The 1880s was an optimistic time. Still even in the best of times, isolated adverse economic incidents did occur. Witness the “run” on the German Savings Bank which began in late 1886, almost the same time William P. Bettendorf opened the doors of his new company. Patrons of the bank began withdrawing their funds from the bank. The “run” continued until November 26, 1888 and severely weakened the bank’s largest corporate customers, including the Bettendorf Metal Wheel Company. Without the help of their bank, the Bettendorf Metal Wheel Company was driven into the arms of the French brothers. The French brothers were called upon to put up more capital or to arrange for new investors and they did so, increasing their own share of ownership in the Bettendorf Wheel Company.
Still the Bettendorf all-metal wheel remained a very popular sales item. Sales continued to flourish. The company’s main problem was to expand its manufacturing base to keep up with the rising demand. In 1890, the Bettendorf Metal Wheel Company opened another factory works in Springfield, Ohio, just to keep up with the growing demand for all-metal wheels. In 1888, William’s younger brother, Joseph W. Bettendorf joined the business as superintendent. With the opening of the new factory works in Springfield, Ohio, Joseph became “President” in charge over the new factory in Springfield. However, even with the new Springfield facility, continuing growth in the sales of the Bettendorf metal wheel forced the company to obtain a still larger manufacturing base. Accordingly, the Bettendorf Metal Wheel Company sought to expand their main factory in Davenport. Thus, in 1889, the Company moved its Davenport works to new larger facilities located a few blocks away at 4th and Farnam Streets in Davenport. These new facilities were, now, the largest factory works in Davenport, Iowa.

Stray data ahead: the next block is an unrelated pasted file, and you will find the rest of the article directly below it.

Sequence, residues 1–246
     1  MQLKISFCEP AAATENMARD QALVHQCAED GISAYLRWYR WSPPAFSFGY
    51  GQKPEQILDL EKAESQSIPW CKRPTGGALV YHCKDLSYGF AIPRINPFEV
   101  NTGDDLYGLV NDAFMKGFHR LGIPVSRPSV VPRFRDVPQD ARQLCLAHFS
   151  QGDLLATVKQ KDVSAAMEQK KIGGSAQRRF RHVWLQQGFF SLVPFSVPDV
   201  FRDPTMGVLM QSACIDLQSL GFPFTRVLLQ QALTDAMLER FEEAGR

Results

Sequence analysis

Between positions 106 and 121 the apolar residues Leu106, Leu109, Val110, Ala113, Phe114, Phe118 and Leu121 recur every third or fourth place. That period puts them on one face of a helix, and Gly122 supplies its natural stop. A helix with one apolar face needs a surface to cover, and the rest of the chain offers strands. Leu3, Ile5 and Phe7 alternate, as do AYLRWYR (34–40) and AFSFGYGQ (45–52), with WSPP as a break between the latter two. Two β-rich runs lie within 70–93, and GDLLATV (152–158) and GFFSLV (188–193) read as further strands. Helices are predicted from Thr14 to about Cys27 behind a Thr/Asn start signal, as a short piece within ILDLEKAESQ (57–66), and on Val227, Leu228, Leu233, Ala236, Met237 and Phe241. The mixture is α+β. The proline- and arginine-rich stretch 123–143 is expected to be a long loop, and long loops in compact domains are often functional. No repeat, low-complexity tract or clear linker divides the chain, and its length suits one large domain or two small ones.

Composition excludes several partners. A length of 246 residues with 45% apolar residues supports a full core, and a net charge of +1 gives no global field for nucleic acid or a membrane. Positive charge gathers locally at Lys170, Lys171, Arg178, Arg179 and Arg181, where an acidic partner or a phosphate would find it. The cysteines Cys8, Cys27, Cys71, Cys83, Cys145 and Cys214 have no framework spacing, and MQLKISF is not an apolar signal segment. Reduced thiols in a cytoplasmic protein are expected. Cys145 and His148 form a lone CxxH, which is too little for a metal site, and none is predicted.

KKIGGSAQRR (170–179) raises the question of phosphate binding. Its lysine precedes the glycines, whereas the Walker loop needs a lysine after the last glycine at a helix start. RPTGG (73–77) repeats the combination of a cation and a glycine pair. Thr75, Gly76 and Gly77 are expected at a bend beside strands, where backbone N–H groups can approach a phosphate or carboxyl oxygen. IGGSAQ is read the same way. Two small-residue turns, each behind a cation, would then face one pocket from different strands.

At about this time, William developed an all-steel wagon gear which incorporated many new ideas that sprang from his mind. The new all-steel wagon gear also proved to be a sales success. Flushed with excitement and success over sales of the new all-metal wagon gear, William and Joseph sent an excited prospectus out to all the other investors in their company which outlined new business directions in which William and Joseph wished to take the company.